Brooks - BX9338 .B7 1813 v1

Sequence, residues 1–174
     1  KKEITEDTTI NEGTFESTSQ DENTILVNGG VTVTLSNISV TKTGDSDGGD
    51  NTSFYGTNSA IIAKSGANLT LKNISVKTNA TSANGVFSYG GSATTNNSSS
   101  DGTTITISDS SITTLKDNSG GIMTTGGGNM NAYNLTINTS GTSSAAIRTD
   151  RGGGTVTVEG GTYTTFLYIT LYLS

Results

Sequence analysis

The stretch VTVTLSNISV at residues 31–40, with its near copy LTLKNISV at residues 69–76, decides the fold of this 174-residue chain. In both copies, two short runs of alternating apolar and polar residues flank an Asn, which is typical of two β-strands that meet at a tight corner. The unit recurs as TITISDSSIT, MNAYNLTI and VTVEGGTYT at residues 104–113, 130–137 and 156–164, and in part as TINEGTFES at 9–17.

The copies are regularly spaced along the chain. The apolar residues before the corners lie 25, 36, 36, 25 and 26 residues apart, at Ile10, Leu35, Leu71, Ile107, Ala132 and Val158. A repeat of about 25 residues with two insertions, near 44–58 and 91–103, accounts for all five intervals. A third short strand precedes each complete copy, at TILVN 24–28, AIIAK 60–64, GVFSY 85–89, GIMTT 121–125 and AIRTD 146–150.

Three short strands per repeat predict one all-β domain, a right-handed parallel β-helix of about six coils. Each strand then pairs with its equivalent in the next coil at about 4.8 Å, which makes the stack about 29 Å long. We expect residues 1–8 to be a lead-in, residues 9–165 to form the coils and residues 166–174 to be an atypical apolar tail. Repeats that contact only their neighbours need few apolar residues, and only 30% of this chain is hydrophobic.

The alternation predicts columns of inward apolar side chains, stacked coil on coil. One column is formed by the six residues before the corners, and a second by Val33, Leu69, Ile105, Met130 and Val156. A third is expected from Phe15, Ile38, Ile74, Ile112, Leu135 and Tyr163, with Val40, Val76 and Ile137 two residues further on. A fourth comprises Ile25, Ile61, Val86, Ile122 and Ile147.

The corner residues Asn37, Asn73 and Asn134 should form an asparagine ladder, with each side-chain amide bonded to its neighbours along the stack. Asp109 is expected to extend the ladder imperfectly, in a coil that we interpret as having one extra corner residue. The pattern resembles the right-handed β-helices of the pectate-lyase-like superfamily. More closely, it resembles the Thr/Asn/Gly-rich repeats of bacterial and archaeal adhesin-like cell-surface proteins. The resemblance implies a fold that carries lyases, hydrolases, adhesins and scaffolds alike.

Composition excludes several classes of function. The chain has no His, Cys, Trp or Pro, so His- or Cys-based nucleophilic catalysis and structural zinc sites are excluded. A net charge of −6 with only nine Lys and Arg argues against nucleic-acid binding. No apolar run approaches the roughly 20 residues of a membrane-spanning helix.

'COLEMAN--AXTON. 151 reformation of the church. He is denominated from this letter a man of good intentions, but of little learning.. Mr. Coleman and his brethren, Messrs. Benson Button and Hallingham, are said to have been more ardently zealous in the cause of the reformation than any others ; and it is observed, that theycondemned the discipline of the church, the calling of the bishops, and the public liturgy, as savour- ing too much of the church of Rome; that they would allow of nothing in the public worship of God, besides what was expressly laid down, in the holy scriptures ; and that though the queen had, commanded them to be laid by the heels, it is incredible how the number of their followers increased in all parts of the kingdom.f WILLIAM AXTON was a truly pious man, a steady non- conformist, and a learned divine. Hewas some years rector of Moreton Corbet in. Shropshire ; + where Sir Robert Corbet, who was his great and worthy friend, protected him for some time from the severities of the prelates.§ Though under the wing of so excellent a patron he found protec- lion only for a season, and was brouglIt into trouble for nonconformity. About the year, 1570, he was cited before Dr. Bentham, bishop of Lichfield and Coventry, when he underwent several examinations for refusing the apparel, the cross in, baptism, and kneeling at the sacrament. Upon his appearance, he debated these points with the bishop and his officers, with great freedom and courage. These ex- aminations, now before me, though at considerable length, are here presented to the curious reader. Mr. Axton being brought before his ecclesiastical judges, the bishop thus addresed him: Bishop. Though we allow you, Mr. Axton. to assign your reasons, you, shall not be unanswered. Therefore set forth your reasons, and we will consider them. Axton. If there be any odds in the disputation, it is ore your side. For you are many, and I am but one, and have no equal judge or moderator; but I am content to set down my reasons, and leave them to God and your own eon- . Strype's Annals, vol. i. p. 568-570, Heylin's Hist. of Pres. p. 257,258. t Mr. Neal, by mistake, says Leicestershire.-Ilist. of Puritans, vol. i. p. 228. § Sir Robert was a constant friend to the persecuted nonconformists, and often sheltered them from the tyrannical oppressions of the bishops.-MS. Chronology, vol. ii. p. 373. (14.)